Flatland: The Film (2007)
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Critic Reviews for Flatland: The Film
Clever and well-made sci-fi movie based on, believe it or not, a Victorian novel.
This is a unique animated film that takes on race, gender, class, and political corruption while entertaining and perhaps even teaching a little mathematics.
A work of art that could be dubbed (with no risk of hyperbole) as a new animation masterpiece.
Audience Reviews for Flatland: The Film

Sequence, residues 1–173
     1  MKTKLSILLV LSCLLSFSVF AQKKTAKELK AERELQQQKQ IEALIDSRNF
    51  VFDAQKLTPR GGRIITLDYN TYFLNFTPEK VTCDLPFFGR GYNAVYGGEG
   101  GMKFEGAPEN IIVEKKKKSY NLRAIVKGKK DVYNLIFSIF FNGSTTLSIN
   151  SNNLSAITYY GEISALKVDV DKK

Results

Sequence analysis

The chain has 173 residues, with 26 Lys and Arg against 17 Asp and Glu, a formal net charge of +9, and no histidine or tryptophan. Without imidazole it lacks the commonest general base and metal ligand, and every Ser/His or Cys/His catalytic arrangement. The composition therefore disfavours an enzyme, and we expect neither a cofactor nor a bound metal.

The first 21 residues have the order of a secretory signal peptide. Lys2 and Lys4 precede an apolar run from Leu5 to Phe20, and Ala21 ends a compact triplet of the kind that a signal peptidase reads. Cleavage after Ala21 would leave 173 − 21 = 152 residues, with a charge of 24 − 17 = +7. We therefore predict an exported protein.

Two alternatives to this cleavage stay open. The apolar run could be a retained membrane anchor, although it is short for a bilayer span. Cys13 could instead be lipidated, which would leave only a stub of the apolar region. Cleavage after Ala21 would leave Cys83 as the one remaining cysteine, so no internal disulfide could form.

[font=Tunga][size=4][color=#0000ff]Literally. Flatland by Edwin Abbott Abbott was a little gem of a book which could not be pigeon-holed into a specific genre over a hundred and fifty years ago and as a result ended up on Science Fiction shelves. Combining Geometry and Philosophy (and even Religion), it was an allegory on the human condition, describing a very rigidly-structured Society where square pegs aspired to fit through round holes. The plot focuses on A. Square, who is led to a series of epiphanies on the Nature of Reality itself to the realization that not only is there an existence beyond his two-dimensional plane in the form of a 3-dimensional universe, but that further dimensions are implied. He learns that appearances are not necessarily all they seem. Difficult to conceptualize in its reading, Llad Ehlinger, Jr. has managed to graphically express this evolution of the mind. Despite these worlds being populated exclusively by geometric shapes, we are drawn into the story and feel A. Square's transformation as though it were our own, which it hopes to be. Flatland itself is appropriately extremely two-dimensional, yet has endearing qualities. From our hero's perspective, he is at first confused, then exhilarated as he is lifted into the three-dimensional world. We are taken along for the dizzying ride. This is only the beginning for A. Square, who then postulates other worlds with both less and more dimensions. Ehlinger has a sequence which can only be an homage to 2001: A Space Odyssey as multi-dimensionality is explored. As if this were not a big enough task to tackle, Ehlinger expands the storyline by applying some of the original concepts of Governments to their logical path to War. Flatland, both the book and the movie, can be appreciated at many levels. By adding an extra layer, Ehlinger has actually simplified the book. I enjoyed this movie. It is mind-bending and thought-provoking, with a graphic element integral to its message. A potentially too-heavy treatise is lightened by very humorous details, such as the warbled battle cries of female lines in Flatland, who need to both sway and make noise at all times in order to be seen when not approached from their sides, so as not to pierce unobservant polygons! There is more than meets the eye to this unusual independently filmed and marketed movie. One viewing may not be enough. [/color][/size][/font][font=Tunga][size=2][color=#0000ff][/color][/size][/font]
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